Category Archives: trail running

Overdoing Warm-Ups

Is it possible to warm-up too much?

It was so funny when I ran ultra-marathons. They’d announce 5 minutes to start time and most people are still sitting in chairs or just gabbing with each other. These are usually trail races that extend past the normal 26.2 mile marathon. They last from 5 to 24 hours and beyond. The goal is to expend the least amount of energy possible for the long haul. So warming up is really a waste of energy.

During this time, I signed up for a 5K or two. It was hillarious because you’d see people running and sprinting all over the place. I mean, its a 5K right? I really think they ran a 5K before they even toed the starting line.

So is it possible to warm-up too much? I think it depends on what you are doing. For a very low-intensity exercise of extended time, your workout is basically your warm-up. Say you are on a rowing or elliptical machine. They are low impact so you can start slow and work into a sweat. There isn’t much worry at all about getting hurt. Well, unless you are a very out of shape person who has lived a very sedentary life. But that excludes most of us who are working out.

Now, picture a Top Fuel Eliminator dragster that is doing a quarter mile in under 5 seconds. It pays to have the engine up to full temperature. They also do an intense burnout to heat the tires before they go. This also tells you that your engine is ready. So for an Olympian doing a 100 meter running sprint, yeah they are going to do a serious warmup of movements and stretching. The wheels can come off so easily with that intensity. The same for a heavy CrossFit workout that includes heavy deadlifts. Or maybe a Strongman competition where intensity is through the roof. These are the times when you warm-up in a very precise way.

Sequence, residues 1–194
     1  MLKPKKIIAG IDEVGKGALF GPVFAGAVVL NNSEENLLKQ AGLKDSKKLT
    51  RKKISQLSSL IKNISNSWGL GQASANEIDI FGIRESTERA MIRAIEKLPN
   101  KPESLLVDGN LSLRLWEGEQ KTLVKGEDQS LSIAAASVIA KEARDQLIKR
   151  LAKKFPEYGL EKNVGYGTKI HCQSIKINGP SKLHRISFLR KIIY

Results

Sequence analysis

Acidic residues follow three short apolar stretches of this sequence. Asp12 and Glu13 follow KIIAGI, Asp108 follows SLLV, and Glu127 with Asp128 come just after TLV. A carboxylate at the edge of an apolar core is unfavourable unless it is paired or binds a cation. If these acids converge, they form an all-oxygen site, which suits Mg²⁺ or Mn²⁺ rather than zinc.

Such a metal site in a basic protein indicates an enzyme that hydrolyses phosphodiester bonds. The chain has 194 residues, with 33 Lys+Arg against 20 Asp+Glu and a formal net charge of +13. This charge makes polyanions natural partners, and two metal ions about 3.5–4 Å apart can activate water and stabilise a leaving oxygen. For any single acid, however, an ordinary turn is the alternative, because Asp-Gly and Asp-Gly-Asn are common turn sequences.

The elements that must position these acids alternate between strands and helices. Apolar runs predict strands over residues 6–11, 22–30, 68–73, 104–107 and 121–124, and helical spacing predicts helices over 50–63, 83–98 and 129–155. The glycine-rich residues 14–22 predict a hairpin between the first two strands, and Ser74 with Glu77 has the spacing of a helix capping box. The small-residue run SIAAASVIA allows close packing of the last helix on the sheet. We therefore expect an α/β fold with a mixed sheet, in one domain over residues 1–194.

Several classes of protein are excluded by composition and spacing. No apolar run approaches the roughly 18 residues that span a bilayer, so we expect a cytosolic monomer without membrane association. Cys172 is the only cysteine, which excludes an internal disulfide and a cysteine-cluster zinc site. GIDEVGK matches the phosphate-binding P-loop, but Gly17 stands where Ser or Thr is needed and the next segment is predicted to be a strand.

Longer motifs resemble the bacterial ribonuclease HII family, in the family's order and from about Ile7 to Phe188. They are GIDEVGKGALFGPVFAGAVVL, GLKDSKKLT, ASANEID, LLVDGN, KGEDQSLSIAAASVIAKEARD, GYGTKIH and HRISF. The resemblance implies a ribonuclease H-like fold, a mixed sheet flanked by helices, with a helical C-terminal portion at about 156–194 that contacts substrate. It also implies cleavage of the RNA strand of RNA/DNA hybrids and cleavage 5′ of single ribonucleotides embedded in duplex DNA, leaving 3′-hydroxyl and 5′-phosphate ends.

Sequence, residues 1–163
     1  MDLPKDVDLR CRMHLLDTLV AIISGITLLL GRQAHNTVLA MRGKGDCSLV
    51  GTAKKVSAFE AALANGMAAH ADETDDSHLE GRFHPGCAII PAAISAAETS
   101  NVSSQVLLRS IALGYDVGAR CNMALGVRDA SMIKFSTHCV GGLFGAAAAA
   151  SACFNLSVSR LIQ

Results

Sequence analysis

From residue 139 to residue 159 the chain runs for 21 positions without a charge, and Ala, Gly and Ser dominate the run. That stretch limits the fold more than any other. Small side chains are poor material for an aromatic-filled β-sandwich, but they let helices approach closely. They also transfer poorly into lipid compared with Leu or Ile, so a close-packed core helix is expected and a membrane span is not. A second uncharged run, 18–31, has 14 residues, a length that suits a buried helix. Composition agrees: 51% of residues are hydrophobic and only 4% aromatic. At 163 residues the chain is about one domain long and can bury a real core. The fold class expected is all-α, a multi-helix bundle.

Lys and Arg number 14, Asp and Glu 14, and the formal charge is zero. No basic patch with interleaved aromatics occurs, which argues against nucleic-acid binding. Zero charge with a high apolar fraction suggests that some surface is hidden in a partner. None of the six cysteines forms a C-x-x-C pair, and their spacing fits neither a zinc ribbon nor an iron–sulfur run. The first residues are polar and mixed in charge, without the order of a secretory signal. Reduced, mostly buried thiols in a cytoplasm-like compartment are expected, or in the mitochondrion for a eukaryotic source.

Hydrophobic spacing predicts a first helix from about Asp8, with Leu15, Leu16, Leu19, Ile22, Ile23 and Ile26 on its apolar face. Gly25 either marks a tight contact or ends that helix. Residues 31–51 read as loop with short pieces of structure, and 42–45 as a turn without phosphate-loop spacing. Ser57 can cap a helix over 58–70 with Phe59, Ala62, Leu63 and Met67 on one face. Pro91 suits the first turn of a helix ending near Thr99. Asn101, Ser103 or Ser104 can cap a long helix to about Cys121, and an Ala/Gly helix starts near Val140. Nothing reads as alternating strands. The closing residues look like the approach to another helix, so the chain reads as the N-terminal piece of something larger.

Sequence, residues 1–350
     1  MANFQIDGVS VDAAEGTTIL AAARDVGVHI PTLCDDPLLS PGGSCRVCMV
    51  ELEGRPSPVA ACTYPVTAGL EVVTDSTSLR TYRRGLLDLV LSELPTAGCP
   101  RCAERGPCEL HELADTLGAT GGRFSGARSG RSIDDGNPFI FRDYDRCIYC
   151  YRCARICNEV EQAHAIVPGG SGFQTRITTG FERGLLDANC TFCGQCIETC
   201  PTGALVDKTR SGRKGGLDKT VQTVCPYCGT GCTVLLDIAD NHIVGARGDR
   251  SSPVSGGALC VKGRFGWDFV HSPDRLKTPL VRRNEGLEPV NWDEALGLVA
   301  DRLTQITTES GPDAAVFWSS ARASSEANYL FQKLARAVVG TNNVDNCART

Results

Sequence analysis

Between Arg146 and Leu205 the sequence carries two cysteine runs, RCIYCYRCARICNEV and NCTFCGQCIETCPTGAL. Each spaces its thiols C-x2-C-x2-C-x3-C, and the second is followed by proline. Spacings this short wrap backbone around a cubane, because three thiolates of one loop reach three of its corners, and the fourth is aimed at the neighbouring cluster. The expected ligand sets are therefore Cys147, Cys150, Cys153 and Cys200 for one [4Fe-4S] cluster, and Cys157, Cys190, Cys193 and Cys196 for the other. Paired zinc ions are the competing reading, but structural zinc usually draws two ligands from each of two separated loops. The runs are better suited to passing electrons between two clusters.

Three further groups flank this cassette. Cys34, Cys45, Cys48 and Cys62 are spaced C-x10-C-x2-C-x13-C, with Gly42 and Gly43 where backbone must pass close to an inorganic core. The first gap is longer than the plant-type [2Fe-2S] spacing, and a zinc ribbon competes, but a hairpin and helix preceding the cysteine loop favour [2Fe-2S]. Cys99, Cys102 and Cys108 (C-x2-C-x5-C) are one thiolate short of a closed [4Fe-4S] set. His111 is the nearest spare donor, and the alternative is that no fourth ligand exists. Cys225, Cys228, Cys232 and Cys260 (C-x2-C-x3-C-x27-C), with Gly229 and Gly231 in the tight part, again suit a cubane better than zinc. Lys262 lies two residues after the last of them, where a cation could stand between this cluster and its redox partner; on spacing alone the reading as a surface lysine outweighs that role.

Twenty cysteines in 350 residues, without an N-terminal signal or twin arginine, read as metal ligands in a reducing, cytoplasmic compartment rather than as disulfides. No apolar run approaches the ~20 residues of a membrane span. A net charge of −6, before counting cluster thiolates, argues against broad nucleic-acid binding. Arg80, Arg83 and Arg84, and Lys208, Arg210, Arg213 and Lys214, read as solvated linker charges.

Just about the time I was getting ready for my CrossFit Trainer certification, I was watching a lot of videos and reading as much as I could. One video was a road tour with Spencer Hendel and James Hobart. They would visit CrossFit boxes and join in on a workout wherever they went. They were so funny because they called their most intense efforts as going HAM (Hard as a mother *censored*). They always seemed a bit tired since they were on the road a lot. So they often skipped a dedicated warm-up. They called it going JAGUAR. I love that term. They just jumped in and got down to business.

I used to go to a CrossFit box in town. The hour flow always went the same way. You do a warm-up, often a run, row, or calisthenics. This led to mobility that related directly to the Workout of the Day (WOD). And then a strength segment that was also related. At the end, you’d do the WOD. You’d be totally smoked and then go about your day.

The problem I had with this idea is often you were doing a benchmark workout where you wanted the best time you could get. Say you were doing Diane with heavy deadlifts and handstand pushups. But you already did deadlifts and handstand holds in the strength portion. Yeah, it warmed you up, but maybe it took a lot out of you too. Then you can’t go 100% in the WOD. If I were the coach, I would program a specific warmup to the WOD, and then go right to the WOD. Then you guarantee success for your athletes. It would be perfect to do a burnout session after with an EMOM or strength with deadlifts or presses overhead.